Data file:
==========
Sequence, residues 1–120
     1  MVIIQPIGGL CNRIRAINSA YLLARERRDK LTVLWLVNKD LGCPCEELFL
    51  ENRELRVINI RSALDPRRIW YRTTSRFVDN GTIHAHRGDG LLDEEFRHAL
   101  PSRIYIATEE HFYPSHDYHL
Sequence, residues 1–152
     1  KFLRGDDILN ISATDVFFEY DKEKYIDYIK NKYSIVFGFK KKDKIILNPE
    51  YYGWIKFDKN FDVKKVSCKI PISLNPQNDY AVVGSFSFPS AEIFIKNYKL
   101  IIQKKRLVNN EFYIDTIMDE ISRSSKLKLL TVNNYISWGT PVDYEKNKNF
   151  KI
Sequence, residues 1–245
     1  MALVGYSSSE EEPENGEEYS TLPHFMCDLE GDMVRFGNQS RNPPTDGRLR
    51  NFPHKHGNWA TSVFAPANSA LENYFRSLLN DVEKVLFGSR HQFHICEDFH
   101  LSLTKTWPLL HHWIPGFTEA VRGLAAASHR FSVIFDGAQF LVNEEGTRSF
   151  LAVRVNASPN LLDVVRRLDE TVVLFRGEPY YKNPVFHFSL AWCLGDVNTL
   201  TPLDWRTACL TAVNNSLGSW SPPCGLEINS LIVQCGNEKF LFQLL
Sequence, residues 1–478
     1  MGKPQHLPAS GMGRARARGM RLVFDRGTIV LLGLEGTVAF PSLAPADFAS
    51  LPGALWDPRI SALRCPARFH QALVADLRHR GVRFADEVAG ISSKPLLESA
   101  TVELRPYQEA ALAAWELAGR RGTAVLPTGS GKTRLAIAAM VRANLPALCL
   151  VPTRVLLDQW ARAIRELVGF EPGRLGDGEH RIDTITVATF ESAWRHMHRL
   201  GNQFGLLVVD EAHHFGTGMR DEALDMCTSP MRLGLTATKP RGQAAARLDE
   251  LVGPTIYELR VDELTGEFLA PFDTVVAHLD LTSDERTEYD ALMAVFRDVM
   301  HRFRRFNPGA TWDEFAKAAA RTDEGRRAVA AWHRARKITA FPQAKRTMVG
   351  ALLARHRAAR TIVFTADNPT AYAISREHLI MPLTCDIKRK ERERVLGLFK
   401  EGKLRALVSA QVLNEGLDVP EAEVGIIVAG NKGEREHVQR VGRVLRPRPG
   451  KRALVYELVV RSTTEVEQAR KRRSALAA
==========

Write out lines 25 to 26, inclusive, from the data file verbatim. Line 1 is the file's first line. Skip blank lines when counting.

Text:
   401  EGKLRALVSA QVLNEGLDVP EAEVGIIVAG NKGEREHVQR VGRVLRPRPG
   451  KRALVYELVV RSTTEVEQAR KRRSALAA